Tuesday, January 25, 2011

Reading Sentences

I discovered something very interesting a few weeks ago: reading sentences is a separate skill from reading words.  I'm sure all of my books on phonics and reading already told me that, but I don't remember anything about it.  I learned it from Sam herself when she started reading to me from her Bob Books.

We got her the Bob Books a few months ago and she's read parts of them a number of times.  All of the words are easy for her now ("cat," "and," "bag," "hat," etc.) but she would still make guesses based on the pictures and what she had memorized.  She didn't seem interested in reading a story all the way through, and now I know why.  She didn't really get the concept of reading words in a sequence to make up a sentence.  I figured she would have learned this from the thousands of hours we've read out loud to her, but I suppose she couldn't really understand it until she did it herself.

When we were reading together a few weeks ago, she had the breakthrough moment.  She would read a word or two  - say, "Dot and" - but then she would get confused.  She'd jump to the next page, or start the sentence over again, or just flounder.  I realized that I had to help her understand that the series of words would add up to a unit.  She knows that letters and words go from left-to-right (well, most of the time she knows that) but she still didn't really get the idea that if she kept reading, she'd get an entire thought instead of just a word.   I don't really know how I helped her.  I think I mostly just put my finger underneath each word to guide her.  But within a few minutes, she got it - I guess she was just mentally ready this time.  I observed her go from confusion to understanding.  I knew when she made the mental connection by the pride in her voice when she read, "Mat sat on Sam."  (It's a nice coincidence that the main character in the first book is named Sam.)  I could just hear it in her voice - that "aha" moment.  And I could also hear it in the fluid way she read the sentence as a whole.  She had never done that before.  It was an awesome moment.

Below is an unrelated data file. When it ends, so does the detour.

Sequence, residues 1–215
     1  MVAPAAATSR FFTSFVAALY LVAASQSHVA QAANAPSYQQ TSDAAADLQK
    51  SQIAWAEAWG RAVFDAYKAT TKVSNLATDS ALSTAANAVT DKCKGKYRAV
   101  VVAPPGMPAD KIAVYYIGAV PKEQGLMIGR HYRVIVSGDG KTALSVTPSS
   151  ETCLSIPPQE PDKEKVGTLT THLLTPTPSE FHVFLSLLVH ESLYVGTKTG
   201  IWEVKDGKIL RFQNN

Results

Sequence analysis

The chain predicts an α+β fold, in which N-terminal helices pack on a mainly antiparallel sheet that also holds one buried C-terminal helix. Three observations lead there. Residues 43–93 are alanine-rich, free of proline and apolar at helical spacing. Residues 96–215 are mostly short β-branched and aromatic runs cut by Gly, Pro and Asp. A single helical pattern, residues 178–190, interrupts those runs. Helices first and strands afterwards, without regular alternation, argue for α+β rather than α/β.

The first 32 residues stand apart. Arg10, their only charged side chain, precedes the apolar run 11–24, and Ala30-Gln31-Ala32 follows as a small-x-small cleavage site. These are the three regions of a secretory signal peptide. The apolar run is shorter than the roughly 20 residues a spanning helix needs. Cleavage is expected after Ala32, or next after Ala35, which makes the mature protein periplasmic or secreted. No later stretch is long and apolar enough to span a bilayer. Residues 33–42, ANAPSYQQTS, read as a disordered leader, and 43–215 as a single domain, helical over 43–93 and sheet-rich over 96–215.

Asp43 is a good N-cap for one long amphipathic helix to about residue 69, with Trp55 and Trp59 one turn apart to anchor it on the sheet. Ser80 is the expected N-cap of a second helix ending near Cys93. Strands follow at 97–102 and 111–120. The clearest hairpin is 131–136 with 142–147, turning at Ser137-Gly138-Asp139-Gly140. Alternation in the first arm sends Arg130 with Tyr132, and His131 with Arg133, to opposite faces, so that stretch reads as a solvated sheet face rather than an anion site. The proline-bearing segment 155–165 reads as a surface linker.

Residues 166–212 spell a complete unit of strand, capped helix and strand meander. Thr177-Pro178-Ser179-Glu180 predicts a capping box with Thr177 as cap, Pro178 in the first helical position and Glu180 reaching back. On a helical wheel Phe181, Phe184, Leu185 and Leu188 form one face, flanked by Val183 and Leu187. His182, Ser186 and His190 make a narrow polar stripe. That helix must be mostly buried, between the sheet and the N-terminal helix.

Now I have to go back to my phonics books and find out if they really do address this.  In the meantime, I'm really glad we got Sam the Bob Books.


  1. And you'll find that spelling is an entirely different skill, even though it seems like reading a word hundreds of times in the course of reading books would suffice.

    Watching verbal development in my kids has opened my eyes to just how difficult the English language is.

  2. Bill, yes indeed. Since there are so many words that you can't read phonetically, Sam's Montessori school calls the exceptions "puzzle words." I like that because I had been struggling early on explaining to Sam that even though she was sounding a word out right, it was really pronounced another way. Now I can tell her, "That's a puzzle word. You just have to memorize it." I mean, come on, "once" "who"? But somehow, we all learn it.